The Slam Dunk Contest used to be amazing. In the 80s and early 90s, there wasn't anything more exciting than seeing the best players in the world go against each other for aerial acrobatic bragging rights. But as Michael Jordan and Dominique Wilkins gave way to Shannon Brown and Gerald Wallace, the contest lost its shine. No longer an exhibition of the greatest high-flyers in the world, it morphed into a sad, amorphous blob of failed dunks, stupid rules, and lame gimmicks.

This year, in an attempt to reign in some the suckiness, the rules were simplified. Each competitor got 3 tries to complete a dunk. Period. 2 rounds of 2 dunks each, judged by former NBA stars, paved the avenue to success.

This was a sight better than last year's team-oriented mess of failed dunks and un-replayable action, even if the competitors included token big man Mason Plumlee of the Brooklyn Nets alongside the Milwaukee Bucks' Giannis Antetokounmpo, Orlando's Victor Oladipo, Zach LaVine of Minnesota Timberwolves non-fame.

Plumlee kicked off the first round with a teammate lobbing it off the side of the backboard to set up his reverse jam along the baseline. It wasn't too impressive, but still drew 40 pts (of a possible 50) from the judges.

Antetokounmpo was next with a self-lob off the ground for the long extension throwdown. Missing all three attempts, he received the minimum score of 30.

Oladipo went third, coming to the court singing Frank Sinatra's "New York, New York" in a hat and jacket. This was a classic and acceptable gimmick given the venue. He still missed his first dunk, starting on right baseline and twisting for a 360+ degree pump reverse. He also missed his 2nd attempt, but converted the 3rd much to the pleasure of the crowd, and earned 50 points for the dunk of the evening...

...until non-famous Zach LaVine suddenly got famous. Sweet mother of a bumblebee, can this man fly. From the baseline, LaVine went between the legs with a left-to-right reverse dunk. It was cool, it was smooth, and it took just one attempt for a well-earned 50 points.

For their 2nd dunks, Antetokounmpo received a pass from brother Thanasis for an underwhelming reverse dunk. 35 points for the dunk, 65 points total in the first round.

Plumlee missed his next two attempts, then brought out brother Miles Plumlee (more brothers!). With Miles standing outside the restricted area, Mason jumped over him, sort of... it wasn't a great dunk. 36 points, for 76 total.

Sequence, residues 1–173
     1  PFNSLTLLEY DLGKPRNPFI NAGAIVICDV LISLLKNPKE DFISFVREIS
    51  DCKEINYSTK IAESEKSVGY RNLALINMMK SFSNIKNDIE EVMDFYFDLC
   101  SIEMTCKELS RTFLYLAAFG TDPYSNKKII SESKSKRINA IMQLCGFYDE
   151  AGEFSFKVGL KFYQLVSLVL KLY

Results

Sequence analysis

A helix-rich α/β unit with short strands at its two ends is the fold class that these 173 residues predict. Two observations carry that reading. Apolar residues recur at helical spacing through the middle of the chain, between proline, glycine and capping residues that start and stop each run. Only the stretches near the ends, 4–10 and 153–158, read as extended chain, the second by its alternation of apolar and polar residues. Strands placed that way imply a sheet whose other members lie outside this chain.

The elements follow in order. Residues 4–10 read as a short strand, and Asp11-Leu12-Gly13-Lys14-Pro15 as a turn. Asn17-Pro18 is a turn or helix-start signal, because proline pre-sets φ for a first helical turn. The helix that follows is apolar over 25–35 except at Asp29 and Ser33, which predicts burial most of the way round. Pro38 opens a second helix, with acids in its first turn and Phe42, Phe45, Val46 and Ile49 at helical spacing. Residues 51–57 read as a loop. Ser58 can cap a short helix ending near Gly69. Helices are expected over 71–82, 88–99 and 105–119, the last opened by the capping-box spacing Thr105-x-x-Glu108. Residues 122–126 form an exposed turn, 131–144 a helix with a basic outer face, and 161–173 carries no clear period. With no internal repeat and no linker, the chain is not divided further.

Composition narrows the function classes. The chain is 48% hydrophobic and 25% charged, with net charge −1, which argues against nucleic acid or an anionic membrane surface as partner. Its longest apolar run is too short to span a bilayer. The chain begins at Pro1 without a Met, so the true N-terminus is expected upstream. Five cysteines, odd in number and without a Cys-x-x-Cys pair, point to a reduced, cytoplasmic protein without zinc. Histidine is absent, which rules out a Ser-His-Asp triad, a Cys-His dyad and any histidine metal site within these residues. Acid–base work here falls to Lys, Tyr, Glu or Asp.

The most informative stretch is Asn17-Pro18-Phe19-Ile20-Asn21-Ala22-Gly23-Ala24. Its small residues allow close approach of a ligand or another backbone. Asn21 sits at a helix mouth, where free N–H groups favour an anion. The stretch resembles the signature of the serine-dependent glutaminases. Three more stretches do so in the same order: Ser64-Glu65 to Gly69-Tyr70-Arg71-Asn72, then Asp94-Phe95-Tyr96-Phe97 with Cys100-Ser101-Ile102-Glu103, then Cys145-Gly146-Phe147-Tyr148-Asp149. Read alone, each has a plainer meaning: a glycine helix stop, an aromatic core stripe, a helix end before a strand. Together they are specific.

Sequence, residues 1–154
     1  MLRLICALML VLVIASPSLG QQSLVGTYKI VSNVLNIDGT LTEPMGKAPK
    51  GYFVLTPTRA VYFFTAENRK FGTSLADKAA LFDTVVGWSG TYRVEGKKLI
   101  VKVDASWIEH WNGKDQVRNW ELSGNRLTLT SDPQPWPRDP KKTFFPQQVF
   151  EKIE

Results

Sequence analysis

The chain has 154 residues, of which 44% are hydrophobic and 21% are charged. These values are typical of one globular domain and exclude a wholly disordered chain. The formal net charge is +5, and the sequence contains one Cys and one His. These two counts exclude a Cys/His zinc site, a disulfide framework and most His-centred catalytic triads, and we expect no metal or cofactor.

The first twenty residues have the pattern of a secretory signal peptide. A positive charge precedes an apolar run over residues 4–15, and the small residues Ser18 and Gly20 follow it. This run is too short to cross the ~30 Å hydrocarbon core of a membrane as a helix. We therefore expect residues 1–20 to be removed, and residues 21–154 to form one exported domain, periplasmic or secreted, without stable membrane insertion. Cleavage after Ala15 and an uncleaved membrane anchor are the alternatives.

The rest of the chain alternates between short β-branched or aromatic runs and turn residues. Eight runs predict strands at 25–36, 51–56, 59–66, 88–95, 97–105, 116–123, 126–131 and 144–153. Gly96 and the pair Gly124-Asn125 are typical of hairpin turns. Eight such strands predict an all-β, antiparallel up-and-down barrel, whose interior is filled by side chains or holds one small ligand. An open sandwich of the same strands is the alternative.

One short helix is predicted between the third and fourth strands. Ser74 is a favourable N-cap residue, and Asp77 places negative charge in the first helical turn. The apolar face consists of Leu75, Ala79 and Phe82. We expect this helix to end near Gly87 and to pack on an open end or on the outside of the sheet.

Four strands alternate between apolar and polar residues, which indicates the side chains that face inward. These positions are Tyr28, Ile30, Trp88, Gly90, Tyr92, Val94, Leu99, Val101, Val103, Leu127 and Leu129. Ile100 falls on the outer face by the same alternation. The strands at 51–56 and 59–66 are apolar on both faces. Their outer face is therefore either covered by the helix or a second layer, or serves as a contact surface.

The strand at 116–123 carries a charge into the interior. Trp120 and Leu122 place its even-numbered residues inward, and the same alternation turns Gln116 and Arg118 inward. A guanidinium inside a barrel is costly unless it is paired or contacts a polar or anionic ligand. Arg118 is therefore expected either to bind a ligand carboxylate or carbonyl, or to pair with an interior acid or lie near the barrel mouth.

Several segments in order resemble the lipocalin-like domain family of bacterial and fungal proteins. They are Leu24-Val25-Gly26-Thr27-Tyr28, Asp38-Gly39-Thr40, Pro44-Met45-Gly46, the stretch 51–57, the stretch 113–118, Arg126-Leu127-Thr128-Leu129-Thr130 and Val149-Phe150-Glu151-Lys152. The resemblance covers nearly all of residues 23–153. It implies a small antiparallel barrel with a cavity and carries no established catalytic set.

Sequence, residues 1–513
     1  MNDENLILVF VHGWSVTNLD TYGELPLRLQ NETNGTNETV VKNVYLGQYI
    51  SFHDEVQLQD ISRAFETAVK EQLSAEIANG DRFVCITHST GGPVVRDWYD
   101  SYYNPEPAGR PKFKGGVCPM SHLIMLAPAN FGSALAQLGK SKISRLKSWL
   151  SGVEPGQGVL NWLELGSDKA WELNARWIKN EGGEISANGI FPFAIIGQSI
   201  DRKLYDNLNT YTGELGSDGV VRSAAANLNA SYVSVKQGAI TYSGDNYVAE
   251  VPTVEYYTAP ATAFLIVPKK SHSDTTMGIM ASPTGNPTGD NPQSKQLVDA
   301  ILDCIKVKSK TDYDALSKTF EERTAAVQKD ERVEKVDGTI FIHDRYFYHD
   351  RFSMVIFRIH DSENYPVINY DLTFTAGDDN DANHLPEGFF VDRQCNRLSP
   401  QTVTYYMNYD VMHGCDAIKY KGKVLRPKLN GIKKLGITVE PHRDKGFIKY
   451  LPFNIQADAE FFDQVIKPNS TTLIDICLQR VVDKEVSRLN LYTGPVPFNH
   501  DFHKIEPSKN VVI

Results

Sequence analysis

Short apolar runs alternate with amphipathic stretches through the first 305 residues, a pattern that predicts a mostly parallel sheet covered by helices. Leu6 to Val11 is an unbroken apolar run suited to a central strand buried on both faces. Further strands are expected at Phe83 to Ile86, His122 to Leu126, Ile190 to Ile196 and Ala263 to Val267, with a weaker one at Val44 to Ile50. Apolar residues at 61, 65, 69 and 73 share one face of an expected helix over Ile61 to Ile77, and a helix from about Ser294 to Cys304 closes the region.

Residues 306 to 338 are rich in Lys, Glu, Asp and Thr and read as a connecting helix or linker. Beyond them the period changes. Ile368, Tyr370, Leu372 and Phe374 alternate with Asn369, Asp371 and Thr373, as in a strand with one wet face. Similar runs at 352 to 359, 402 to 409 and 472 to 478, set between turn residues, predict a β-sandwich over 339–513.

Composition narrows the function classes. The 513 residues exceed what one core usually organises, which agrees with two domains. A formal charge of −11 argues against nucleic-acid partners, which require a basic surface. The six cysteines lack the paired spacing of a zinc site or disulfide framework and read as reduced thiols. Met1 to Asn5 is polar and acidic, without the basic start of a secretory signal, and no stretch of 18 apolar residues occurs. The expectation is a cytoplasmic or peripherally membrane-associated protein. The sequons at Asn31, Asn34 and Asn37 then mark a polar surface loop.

Oladipo was assisted by teammate Elfrid Payton, and went off the side of the backboard for a 360 baseline dunk that sort of trickled in. It was a nice dunk, but it wasn't great execution. 39, for 89 total.

Zach LaVine: Holy moly.... he went off the ground, behind his back (and his butt, really), and finessed home the right-handed finish. He was totally calm and in control, the showmanship making for an even more amazing spectacle than the dunk itself. 50 points without a doubt, for 100 total.... wowzer.

That left Oladipo and LaVine advancing to the finals.

Payton was there again to assist Oladipo's dunk, sitting in a chair in the restricted area. Holding the ball up, Payton gave it to his teammate who flew through, put it between his legs, and tried to finish with his left hand. Unfortunately, he missed all three attempts, and got 31 points.

LaVine had fellow 'Wolf Andrew Wiggins hold the ball then came flying from the right, stuffing the ball between his legs again for the left handed dunk. Effortless. Beautiful. 45 points.

Oladipo's 2nd round was not good. He tried two dunks, failed to convert both, then had Payton step in to assist the off-the-back-of-the-backboard dunk we've seen 100 times, grabbing him 41 undeserved points, 73 total in the finals.

LaVine, already the obvious winner, made it even more of a laugher as he had some help to throw it off the stanchion, then came from the left side, between the legs (again!), and flushed it. Not amazing, but more than enough for the win with 49 points and 94 total.

With that, Zach LaVine was your obvious and well-deserved winner of the 2015 Slam Dunk contest. Behold his majesty as old-school athletic dunking carried the day.

Note also the oh-so-subtle crowd reaction:

Can't wait to see this guy in future years.